Few things can complicate a divorce like an infidelity. Even when there are no unusual or exacerbating circumstances, divorces usually tend to be a bit unpleasant. When you throw in adultery, things can quickly escalate. However, just because adultery can trigger heated emotions, the divorce procedure in Colorado will usually not be affected. Many people wonder: if adultery occurs, will this have any impact on spousal maintenance? Let’s dive into this in detail.
Colorado is a “No Fault” State
Before we address the issue of adultery and spousal maintenance, we should first point out that Colorado is a “no fault” state when it comes to divorce. This means that a spouse doesn’t have to cite specific “grounds” when dissolving the marriage. The only grounds for dissolution of marriage in Colorado is that the marriage is irretrievably broken. Other states, which require fault, impose a demand that spouses cite adequate grounds on which to base the divorce. Adequate grounds can be domestic violence, abandonment or desertion, alcoholism, adultery, and so forth.
Factors Which Determine Spousal Maintenance Eligibility
When a spouse requests spousal maintenance (also called “alimony” in other jurisdictions), there are two analyses which are conducted. One analysis is necessary to determine whether maintenance should be awarded at all (i.e. eligibility), and another analysis is necessary to determine the amount and duration of an award. Importantly, each spouse has the opportunity to request maintenance, not just the female partner; laypeople often assume that only women are eligible for maintenance, but this is not the case.
When analyzing for eligibility, judges in Colorado look at the following factors:
- How the marital property was divided during the divorce itself
- The financial needs of the requesting spouse
- The financial capabilities of the paying spouse (i.e. property and income, income potential, etc.)
- The current income of each spouse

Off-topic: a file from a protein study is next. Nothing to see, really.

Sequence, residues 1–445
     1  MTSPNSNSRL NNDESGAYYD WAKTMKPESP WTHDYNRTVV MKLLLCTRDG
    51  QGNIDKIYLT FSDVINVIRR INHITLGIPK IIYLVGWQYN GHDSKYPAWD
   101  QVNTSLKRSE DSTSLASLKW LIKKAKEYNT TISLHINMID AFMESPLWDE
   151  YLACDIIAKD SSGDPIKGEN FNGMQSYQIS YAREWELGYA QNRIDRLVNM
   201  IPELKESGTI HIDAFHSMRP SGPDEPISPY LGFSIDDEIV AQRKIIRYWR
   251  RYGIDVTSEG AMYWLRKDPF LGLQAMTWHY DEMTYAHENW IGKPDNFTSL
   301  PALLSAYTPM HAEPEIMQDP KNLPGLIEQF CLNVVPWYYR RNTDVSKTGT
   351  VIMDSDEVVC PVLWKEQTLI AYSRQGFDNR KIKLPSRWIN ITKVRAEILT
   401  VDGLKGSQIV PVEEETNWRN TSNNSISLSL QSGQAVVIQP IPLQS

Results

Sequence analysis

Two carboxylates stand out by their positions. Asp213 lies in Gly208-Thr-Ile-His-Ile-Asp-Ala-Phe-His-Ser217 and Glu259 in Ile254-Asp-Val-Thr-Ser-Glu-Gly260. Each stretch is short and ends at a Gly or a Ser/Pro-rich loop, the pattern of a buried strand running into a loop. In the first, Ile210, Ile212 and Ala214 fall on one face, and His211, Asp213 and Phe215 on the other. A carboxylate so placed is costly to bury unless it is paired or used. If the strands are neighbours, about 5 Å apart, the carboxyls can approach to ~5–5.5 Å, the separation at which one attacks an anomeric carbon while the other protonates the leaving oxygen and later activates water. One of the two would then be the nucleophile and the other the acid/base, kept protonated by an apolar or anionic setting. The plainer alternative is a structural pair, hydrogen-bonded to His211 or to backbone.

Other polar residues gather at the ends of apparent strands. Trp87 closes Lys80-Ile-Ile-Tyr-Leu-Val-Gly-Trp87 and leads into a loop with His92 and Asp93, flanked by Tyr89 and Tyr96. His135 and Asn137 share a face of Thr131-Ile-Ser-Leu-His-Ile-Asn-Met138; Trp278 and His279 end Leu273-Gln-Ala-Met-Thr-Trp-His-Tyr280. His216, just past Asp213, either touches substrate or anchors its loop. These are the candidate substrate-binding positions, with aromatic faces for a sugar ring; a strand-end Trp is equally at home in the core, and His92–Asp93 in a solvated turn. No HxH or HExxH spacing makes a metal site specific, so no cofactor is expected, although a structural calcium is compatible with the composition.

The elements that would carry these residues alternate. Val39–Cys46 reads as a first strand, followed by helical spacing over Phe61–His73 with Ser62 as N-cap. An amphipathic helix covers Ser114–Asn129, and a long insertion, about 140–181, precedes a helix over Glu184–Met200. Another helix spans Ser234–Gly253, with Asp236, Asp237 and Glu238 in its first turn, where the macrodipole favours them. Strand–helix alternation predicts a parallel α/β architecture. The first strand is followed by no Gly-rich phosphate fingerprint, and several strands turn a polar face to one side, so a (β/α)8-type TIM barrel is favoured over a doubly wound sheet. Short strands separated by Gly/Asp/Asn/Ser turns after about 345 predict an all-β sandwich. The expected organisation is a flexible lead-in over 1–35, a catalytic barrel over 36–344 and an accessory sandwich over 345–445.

Laypeople also often assume that spousal maintenance is simply granted as a matter of course. As we can see, this isn’t the case in Colorado. Judges will only award maintenance if it makes sense given the circumstances of the divorce. If the requesting spouse doesn’t actually have a need for maintenance, then it won’t be granted.
Factors Which Determine Spousal Maintenance Amounts & Duration
After a judge settles the issue of maintenance eligibility, the next issue is determining the amount and duration. As with the eligibility analysis, the amount and duration analysis will take account of multiple factors. Here are factors which are known to hold weight in the analysis:
- The total length of the marriage
- The lifestyle of the couple during the marriage
- The education and earning potential of each spouse at the time of divorce
- The current financial condition of each spouse at the time of divorce
- Monetary contributions to the marriage by each spouse
- The age and health of each spouse
The court will also consider anything else deemed significant. Is adultery considered a factor? The answer is no, although this comes with an important addendum. Judges will not take account adultery in either the eligibility analysis or the amount and duration analysis, except in one specific situation. Judges may take account of adultery only when the adulterous affair has had a definite financial impact on the marriage itself. If, for instance, the adulterous spouse spent considerable sums of marital funds on the affair, then the court may use this spending in the analysis. But, the key point is that the significance is restricted to the financial impact of the affair; the court isn’t simply “punishing” the adulterous spouse because of the moral aspect of the affair.